South Korean Foreign Minister Kang Kyung-wha explains South Korea’s response to the novel coronavirus outbreak during an interview with the BBC on Mar. 15.
As the novel coronavirus spreads around the world, the South Korean government is aggressively promoting its model of disease control, which has sparked considerable international interest. In addition to a meeting of foreign ministers and an interview with foreign media outlets, South Korean President Moon Jae-in has proposed holding a video conference with the leaders of the G20 countries.
South Korea’s Ministry of Foreign Affairs (MOFA) announced on Mar. 16 that the foreign ministers of six countries — South Korea, Germany, Brazil, Italy, Australia, and Canada — had held a 70-minute teleconference to discuss countermeasures against the spread of COVID-19, the disease caused by the coronavirus, on the evening of Mar. 15. The meeting was proposed by Canada.
MOFA explained that Foreign Minister Kang Kyung-wha provided a detailed explanation of South Korea’s approach to fighting the outbreak, which includes drive-through testing, the transparent release of information and quick diagnoses. Drive-through testing in particular has rapidly emerged as a global model of disease control, since it reduces the risk of viral transmission and accelerates the speed of testing.
When US President Donald Trump announced a national emergency on Mar. 13, he promised to introduce drive-through testing. European countries including the UK, Germany, Belgium, and Denmark are already operating drive-through screening centers. A Blue House official told reporters during a meeting on Monday that the drive-through approach “is becoming the international standard.”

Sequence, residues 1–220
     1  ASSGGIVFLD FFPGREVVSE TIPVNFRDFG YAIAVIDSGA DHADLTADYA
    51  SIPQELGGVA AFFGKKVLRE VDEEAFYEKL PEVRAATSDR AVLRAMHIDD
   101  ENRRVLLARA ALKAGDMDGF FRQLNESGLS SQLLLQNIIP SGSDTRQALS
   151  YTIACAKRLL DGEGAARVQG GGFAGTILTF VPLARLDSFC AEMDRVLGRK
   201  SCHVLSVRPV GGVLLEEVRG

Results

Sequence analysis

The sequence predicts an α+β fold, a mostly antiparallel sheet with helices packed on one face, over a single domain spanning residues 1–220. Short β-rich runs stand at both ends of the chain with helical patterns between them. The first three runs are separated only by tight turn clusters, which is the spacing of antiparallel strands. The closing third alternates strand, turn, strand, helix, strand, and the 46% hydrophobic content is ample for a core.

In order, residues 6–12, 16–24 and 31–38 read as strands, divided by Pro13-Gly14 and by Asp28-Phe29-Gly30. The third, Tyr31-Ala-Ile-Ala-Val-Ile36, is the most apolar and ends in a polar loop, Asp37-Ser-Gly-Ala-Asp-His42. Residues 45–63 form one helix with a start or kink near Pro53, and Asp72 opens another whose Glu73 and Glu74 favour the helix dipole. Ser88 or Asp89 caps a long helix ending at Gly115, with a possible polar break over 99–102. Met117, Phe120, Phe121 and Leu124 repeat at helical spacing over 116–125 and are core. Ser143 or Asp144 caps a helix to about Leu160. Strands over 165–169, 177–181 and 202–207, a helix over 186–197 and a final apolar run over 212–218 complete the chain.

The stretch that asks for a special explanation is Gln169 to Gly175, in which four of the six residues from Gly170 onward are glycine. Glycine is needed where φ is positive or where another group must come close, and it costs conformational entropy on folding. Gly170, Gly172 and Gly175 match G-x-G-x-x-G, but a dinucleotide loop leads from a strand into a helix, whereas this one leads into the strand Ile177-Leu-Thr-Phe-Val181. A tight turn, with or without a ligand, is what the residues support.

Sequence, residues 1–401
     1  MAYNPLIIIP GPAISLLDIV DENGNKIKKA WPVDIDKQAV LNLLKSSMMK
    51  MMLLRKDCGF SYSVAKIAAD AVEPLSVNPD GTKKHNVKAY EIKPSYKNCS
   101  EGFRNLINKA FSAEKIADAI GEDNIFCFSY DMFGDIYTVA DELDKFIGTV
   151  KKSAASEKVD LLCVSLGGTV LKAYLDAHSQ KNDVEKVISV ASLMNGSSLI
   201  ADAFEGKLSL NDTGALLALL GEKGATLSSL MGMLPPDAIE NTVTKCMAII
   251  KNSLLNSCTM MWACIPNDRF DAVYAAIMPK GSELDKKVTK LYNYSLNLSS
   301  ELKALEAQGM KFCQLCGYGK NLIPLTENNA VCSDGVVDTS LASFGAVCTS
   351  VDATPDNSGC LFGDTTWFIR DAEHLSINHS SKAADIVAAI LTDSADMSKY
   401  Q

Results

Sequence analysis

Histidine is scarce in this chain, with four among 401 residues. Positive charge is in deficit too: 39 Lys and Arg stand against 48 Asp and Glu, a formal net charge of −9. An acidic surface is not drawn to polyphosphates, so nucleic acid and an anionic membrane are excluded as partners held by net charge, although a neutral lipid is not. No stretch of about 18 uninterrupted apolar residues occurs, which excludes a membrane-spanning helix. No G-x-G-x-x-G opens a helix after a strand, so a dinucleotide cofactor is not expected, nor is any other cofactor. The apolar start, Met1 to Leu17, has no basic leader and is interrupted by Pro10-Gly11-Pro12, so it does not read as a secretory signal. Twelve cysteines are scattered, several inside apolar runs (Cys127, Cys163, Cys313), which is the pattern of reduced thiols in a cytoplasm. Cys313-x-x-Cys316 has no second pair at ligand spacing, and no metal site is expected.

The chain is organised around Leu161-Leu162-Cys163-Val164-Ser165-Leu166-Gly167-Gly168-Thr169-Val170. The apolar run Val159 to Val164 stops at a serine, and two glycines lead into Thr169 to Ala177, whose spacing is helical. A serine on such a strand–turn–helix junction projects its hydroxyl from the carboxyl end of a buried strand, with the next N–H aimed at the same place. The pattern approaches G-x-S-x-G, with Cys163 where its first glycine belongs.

Foreign diplomats gather at Incheon International Airport on Mar. 13 to observe South Korea’s temperature checks and other preventative measures to fight the novel coronavirus outbreak. (Yonhap News)
South Korean Foreign Minister Kang Kyung-wha summarized the South Korean government’s approach to COVID-19 during an appearance on the BBC on Mar. 15. “By quickly diagnosing COVID-19, we’ve been able to minimize its spread and provide quick treatment, and that’s kept the mortality rate low. I hope that South Korea’s experience and approach will not only benefit other countries but also lead to greater international cooperation on preparing for the next [viral outbreak],” she said. Following the broadcast, viewers tweeted their interest in and approval of the South Korean government’s quick testing and action.
Moon said that one objective of the special G20 video conference he’s pitched is sharing South Korea’s approach to dealing with the outbreak to interested countries. “More fundamentally, however, there needs to be international cooperation so that each country can revive their economies and manage this crisis,” the president added.
By Kim So-youn, staff reporter
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